Leather Archives & Museum


Form Object

Joseph W. Bean


The concept I work with and the technique I use to make my illustrations.

I never meant to be an erotic artist. I'm not sure I'm an erotic artist now ...more an illustrator and experimenter than an artist, really. Maybe what I am is a folk artist with a penchant for gay-male erotic subjects. Yes, that is a "label"I can live with. My only medium is cut paper. I draw like a 12 year old, but I have a definite skill as a papercutter, a skill I have been building on for more than 40 years.

When I was about 5 years old, I started cutting out stencils that my grandmother used to sift confectioners sugar onto the tops of cakes, creating a lacy, fancy finish with very little sugar. (We were poor enough that it was important to use little sugar .) The first stencils were probably no more interesting or artistic than you'd expect from a 5 year old country boy from Humansville, MO., in the Ozarks.

My grandmother gave me the kind of ooh-and-ahh reviews that grandmothers
specialize in.

That was all I needed. After that l joined the family in producing paper flowers for Decoration Day (which the world outside the Ozarks calls Memorial Day). Then, at Christmas, I made stars, snowflakes and outline angels to decorate the Christmas tree.

An idea occurred to me about this by the time that I was 7 or 8. The idea is still with me: How much detail do you have to supply in a papercutting to convey the "idea" of the thing you're trying to represent? Or, more accurately, how little detail can you get away with? If l caught a snowflake on the tip of my mitten, it was a much more complex object than the cut paper images I made for the tree. I began toying with this idea of supplying less information while still representing the snowflake well enough to get the ohs and ahs I enjoyed.

Twenty years later I was building a reputation as a folk artist in certain circles-enough that I eventually was invited to show in museums and galleries across the country and I served a residency at a California museum-still working with this one thought of how little information it took to get the essence of the object across. This led to some abstraction and some work that was rather overzealously described as postimpressionist, but mostly it led me to consider the human figure as the ultimate challenge within the range of problems established by my central question. Being myself, this naturally led to more and more sexual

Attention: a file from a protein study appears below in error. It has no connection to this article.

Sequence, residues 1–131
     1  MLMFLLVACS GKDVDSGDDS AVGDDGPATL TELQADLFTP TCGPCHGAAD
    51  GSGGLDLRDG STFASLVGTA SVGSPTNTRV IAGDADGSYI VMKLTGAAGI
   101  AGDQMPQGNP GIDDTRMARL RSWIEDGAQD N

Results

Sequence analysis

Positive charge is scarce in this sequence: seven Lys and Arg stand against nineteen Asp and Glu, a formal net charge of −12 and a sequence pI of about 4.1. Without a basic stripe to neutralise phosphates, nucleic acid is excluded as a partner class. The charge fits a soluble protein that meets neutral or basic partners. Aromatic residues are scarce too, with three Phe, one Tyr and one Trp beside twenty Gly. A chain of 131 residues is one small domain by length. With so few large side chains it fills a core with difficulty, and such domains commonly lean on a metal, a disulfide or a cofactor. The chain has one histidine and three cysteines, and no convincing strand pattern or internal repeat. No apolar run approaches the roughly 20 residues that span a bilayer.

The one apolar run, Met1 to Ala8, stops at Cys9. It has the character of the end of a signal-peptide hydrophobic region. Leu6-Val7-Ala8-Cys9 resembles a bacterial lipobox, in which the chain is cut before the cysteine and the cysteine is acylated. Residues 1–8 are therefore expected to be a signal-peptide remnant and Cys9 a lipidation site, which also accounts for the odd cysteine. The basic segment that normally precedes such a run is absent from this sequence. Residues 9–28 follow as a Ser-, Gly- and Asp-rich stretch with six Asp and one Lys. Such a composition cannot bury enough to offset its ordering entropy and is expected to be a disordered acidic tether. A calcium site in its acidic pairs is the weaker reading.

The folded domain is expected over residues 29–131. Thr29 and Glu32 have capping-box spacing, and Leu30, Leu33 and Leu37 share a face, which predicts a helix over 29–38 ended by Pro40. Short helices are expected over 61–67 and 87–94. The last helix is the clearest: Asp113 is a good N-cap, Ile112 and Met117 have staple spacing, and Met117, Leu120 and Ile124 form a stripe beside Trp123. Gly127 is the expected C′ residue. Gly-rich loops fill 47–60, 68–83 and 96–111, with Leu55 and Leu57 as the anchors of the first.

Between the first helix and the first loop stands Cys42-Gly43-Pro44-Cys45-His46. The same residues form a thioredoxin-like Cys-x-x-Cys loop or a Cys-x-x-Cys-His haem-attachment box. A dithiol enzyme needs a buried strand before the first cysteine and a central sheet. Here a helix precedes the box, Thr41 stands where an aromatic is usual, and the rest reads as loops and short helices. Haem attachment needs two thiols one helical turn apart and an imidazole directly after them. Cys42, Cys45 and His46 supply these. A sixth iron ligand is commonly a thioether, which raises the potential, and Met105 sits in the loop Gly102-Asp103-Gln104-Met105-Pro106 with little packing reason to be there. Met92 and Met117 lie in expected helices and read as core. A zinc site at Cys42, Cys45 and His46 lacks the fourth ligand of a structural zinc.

imagery. And, for me, the essence of sexual images is in the imagination they inspire. So the less information concept became less information, more imagination. A standard by which I judge not only my own sexual images, but all erotic illustration and art.

Copyright 2008 Leather Archives & Museum

Strangely, there is a sense in which the censors and prudes play a positive role in sex art that consciously aims to inspire imagination rather than document sex with very explicit images. The pressure not to show penetration, for example, sets up a challenge. Can you make a picture of fucking in which no cock is seen sticking into any asshole, but from which most viewers come away having seen fucking? I think a lot of erotic illustrators and artists actually enjoy this kind of "limitation," if only because it gives them something to do that is other than what a photographer would naturally and easily achieve. In any case, by the mid-1980s, I was doing as much of the nonsexual art as I would ever do, and I was being exhibited as widely as ever in galleries and museums, but my attention was turning to images-even the ones not prefigured as sex art-that were too strong for the religious institutions and folk art galleries that had been so happy with my Ozark hill-folk work.

I still had no intention of doing explicitly sexual images, but then necessity intruded. I had begun working with Drummer magazine, although I was not yet officially on staff, and we needed an illustration or two to replace some art that had not come in. We needed it yesterday or before and it had to fill a specific number of column inches exactly. The story was about a hitchhiker, pretty standard porn fare. So, I got a friend to stick his thumb in the air and snapped a few pictures. I had him bend over a car, snapped a few more pictures. The next day I had two embarrassingly stiff illustrations for the story . They were not at all good, but they were solid black and white, so a simple stat would make them ready to paste up, and they were precisely scaled to the space we had to fill.